In an era of ecological, social, and political crisis, when contemporary media inundates us daily with apocalyptic scenarios, video games can act as a valuable means of psychological escape. However, video games— as unique, participatory works of art— can also model both individual and collaborative means of survival through the experience of play. Video games offer opportunities to navigate both historical and fictional conflicts, traverse landscapes devastated by climate change or nuclear holocaust, and manage the limited resources of individuals, or even whole civilizations, on earth and beyond. They offer players a dizzying array of dystopian scenarios in which to build and invent, cooperate to achieve shared goals, or sometimes merely learn how to survive another day. Video games focus attention, hone visuospatial skills, and shape cognitive control and physical reflexes. How do video games, through these unique methods, participate in the larger context of radical, activist artworks that challenge destructive norms and structures of power? How can we harness the skills we develop through play— or “game the system”— to imagine our best possible future(s) in trying times?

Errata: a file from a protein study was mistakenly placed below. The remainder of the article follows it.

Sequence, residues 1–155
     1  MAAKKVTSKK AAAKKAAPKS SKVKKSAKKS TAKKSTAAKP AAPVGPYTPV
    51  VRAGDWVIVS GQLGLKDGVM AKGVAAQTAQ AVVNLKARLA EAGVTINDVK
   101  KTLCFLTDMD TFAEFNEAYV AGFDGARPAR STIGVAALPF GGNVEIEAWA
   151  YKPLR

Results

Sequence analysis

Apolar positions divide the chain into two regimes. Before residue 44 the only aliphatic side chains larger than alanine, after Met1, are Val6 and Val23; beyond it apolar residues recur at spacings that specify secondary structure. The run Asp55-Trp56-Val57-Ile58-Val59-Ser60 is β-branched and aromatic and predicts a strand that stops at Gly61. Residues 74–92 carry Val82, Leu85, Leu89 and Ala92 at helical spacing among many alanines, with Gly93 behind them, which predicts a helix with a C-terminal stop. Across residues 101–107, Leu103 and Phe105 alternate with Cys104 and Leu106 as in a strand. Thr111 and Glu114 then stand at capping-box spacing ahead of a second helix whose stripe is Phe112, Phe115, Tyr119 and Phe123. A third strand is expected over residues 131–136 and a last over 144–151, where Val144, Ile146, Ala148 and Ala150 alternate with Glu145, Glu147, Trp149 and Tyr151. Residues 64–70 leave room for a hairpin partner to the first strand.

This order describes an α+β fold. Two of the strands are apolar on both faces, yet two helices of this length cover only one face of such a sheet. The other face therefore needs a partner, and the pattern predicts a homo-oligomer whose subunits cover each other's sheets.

The VGA Reader (VGAR) is accepting submissions that critically analyze video game art as a means of survival. Though “survival strategy” exists as a defined gaming genre, all video games can be considered as methods of human conditioning, coping, and creating.
- How video game artworks' development, design, and play are uniquely situated to explore personal, social, or ecological crises.
- How video games participate in larger activist and radical art communities/collectives.
- How video game art prototypes collaborative approaches to survival.
- How video games explore the long-term implications of human activity in relation to ecological crisis.
- How the history of games engages with dystopias and utopias themes of the past and present.
- How video games provide methods of constructive and collaborative play.
- How we might develop a critical discourse of “casual” games through psychological and physiological conditioning.
- How might we investigate the relationship between survivalist subcultures and resource management games.
- How video games can work as systems for mediating or mollifying conflict.
- How the economies and cultures of world simulators and Massively Multiplayer Online Role Playing Games (MMORPGs) can be viewed as models of real-world growth or collapse.
- How video games create, reflect, or critique current apocalyptic real world tragedies, crises, and political upheaval, as well as the media narratives that surround them.